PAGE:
Investors unfazed by Democrats' win

Drug stocks alone react to House, Senate sweep; media, others stay steady

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what's the difference between an elephant and a donkey? Same zoo, different day, or so the stock market seems to think.

The Dow hit a record last Tuesday as voters lined up at the polls. It had a record close Wednesday after news of the Democrats' landslide. Stocks then pulled back a bit. But the market moved up 1.4% for the week, almost as if there hadn't been an election.

One sector took a hit: drugs. The Russell 1000 Drugs & Pharmaceuticals Industry Index last week fell 2.6%, giving up recent gains after reaching a two-year high last month.

The Democratic Congress is expected to push for Medicare to negotiate lower prices for seniors' government-subsidized drug purchases. Prescription-drug ads also could face scrutiny, and that's a big deal on Mad Ave.: Drug marketers account for 13 of the nation's 100 largest spenders.

The new Congress could affect media consolidation; Democrats are less likely to ease restrictions on consolidation and media cross-ownership. But that's not weighing down the sector: The Bloomberg U.S. Media Index reached a four-year high the day after the election.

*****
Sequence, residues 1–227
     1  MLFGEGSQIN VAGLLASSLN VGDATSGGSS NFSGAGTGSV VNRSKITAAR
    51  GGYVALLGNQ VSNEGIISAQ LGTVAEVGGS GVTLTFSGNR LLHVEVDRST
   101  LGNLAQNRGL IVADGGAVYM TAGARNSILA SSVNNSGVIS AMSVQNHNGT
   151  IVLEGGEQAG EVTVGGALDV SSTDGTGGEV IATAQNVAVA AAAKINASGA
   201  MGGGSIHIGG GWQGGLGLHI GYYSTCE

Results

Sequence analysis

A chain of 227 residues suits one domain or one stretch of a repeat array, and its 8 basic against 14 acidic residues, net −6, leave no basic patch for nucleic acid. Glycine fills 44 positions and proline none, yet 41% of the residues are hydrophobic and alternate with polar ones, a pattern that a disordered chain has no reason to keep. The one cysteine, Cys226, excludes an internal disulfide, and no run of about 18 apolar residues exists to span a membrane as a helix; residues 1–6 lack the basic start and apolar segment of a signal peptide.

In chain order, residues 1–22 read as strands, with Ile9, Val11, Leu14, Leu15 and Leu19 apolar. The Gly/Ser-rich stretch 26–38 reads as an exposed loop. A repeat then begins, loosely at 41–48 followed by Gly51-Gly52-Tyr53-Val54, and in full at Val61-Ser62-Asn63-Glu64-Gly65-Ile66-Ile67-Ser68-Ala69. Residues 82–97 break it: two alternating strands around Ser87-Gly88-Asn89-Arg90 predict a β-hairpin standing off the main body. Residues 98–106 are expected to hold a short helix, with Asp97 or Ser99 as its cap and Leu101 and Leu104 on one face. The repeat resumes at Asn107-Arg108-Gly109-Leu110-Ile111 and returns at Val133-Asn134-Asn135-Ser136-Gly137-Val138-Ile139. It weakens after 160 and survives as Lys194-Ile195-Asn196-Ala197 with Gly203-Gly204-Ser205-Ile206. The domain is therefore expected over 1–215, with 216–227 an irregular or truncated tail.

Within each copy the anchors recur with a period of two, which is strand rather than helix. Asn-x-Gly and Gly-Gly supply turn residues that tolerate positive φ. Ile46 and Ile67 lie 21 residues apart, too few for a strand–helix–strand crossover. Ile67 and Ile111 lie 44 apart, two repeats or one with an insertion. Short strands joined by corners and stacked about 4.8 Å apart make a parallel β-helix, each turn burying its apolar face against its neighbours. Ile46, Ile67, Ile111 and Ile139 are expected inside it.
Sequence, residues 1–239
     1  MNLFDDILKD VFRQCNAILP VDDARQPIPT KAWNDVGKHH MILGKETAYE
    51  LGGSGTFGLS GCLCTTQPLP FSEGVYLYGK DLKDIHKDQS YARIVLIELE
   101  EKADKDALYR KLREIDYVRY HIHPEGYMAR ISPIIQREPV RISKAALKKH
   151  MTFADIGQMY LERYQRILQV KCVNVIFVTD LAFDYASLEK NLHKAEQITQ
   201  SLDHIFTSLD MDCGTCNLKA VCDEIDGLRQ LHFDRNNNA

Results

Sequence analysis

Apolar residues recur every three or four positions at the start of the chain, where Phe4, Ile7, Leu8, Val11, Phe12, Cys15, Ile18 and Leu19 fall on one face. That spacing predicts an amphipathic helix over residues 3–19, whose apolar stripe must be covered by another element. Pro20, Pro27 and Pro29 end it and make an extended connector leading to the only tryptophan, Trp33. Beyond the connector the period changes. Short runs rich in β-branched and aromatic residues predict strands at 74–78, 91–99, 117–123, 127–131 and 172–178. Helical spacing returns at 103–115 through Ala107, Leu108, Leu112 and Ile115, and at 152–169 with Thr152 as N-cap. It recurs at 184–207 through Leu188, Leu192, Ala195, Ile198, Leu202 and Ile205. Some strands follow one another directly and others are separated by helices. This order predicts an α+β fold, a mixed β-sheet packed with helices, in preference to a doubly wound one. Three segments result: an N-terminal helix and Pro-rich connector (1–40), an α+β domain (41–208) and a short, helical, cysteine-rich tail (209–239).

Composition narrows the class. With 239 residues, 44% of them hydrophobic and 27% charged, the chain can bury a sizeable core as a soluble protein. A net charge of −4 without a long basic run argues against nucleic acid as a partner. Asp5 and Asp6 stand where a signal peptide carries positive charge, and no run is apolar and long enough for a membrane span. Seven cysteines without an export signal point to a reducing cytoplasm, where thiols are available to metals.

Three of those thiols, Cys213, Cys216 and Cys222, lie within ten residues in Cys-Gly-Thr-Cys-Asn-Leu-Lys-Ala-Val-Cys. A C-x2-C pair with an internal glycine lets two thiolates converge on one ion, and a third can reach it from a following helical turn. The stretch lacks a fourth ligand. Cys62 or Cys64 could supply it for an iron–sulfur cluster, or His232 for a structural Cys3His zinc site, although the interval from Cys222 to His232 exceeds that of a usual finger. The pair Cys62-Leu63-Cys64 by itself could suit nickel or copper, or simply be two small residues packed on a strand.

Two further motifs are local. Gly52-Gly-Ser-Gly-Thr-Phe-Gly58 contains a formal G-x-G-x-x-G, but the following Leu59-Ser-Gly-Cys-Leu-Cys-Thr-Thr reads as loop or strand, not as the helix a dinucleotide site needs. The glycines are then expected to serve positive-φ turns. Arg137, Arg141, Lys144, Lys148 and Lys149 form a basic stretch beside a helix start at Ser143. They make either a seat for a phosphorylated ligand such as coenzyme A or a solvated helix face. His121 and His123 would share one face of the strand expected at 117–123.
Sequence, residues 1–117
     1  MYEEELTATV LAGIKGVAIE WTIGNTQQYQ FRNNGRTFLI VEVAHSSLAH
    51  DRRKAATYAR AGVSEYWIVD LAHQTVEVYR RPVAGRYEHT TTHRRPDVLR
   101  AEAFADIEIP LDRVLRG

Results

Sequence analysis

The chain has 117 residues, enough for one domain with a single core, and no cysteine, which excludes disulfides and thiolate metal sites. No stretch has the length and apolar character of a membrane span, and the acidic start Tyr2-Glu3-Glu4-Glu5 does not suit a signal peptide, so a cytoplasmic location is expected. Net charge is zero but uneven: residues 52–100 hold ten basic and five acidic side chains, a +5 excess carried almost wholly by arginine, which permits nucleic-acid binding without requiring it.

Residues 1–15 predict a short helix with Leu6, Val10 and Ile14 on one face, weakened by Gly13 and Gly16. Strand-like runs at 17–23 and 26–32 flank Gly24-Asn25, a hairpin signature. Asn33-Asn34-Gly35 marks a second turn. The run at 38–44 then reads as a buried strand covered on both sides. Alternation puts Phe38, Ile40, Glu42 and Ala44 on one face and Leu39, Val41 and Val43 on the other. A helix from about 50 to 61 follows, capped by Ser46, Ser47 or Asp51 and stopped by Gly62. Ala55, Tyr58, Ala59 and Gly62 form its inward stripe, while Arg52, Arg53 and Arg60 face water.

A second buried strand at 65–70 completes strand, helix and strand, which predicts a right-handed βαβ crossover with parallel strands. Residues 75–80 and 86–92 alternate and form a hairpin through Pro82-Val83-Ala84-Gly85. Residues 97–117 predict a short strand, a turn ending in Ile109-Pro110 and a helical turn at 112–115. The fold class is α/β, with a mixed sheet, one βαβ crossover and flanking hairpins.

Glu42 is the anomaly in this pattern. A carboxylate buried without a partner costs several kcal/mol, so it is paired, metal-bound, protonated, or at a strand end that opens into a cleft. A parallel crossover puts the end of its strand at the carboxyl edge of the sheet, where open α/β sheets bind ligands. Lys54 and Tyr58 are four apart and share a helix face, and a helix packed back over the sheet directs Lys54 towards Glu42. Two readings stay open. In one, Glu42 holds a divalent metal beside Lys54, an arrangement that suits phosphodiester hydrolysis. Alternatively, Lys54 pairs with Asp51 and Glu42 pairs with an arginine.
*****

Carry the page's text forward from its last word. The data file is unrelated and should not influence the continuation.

This year's onslaught of negative ads proved a positive development for media, particularly local TV and cable. The day before the election, shares in cable giant Comcast Corp. hit their highest price since 2001.

Political ad spending broke records this year, shooting north of $2 billion-or about $26.50 for each vote cast, according to Ad Age's review of spending and voter-turnout data.

Overall, stocks are doing remarkably well amid a period of uncertainty. Investors may be factoring in gridlock; it's unlikely Congress will act soon on major issues such as the low capital-gains and dividend tax rates, now set to sunset in 2011. The market also appears to assume the economy will stay on track despite signs of slowing growth; GDP last quarter grew an anemic 1.6%, the lowest annual pace in three years.

The Dow Jones Industrial Average and the Dow Jones Wilshire 5000 rose 1% and 1.4%, respectively, in the wake of the election. The Ad Age/Bloomberg AdMarket 50 index last week closed up fractionally. The AdMarket has slipped 1.6% since hitting a four-year high last month.

Investors may be wise not to put too much stock in how the market reacts immediately after an Extreme House Makeover: Democratic Edition. The week that Republicans took over in their 1994 landslide, stocks fell marginally. The next year, the market rocketed 31%. Stocks kept climbing till the bubble burst in 2000.
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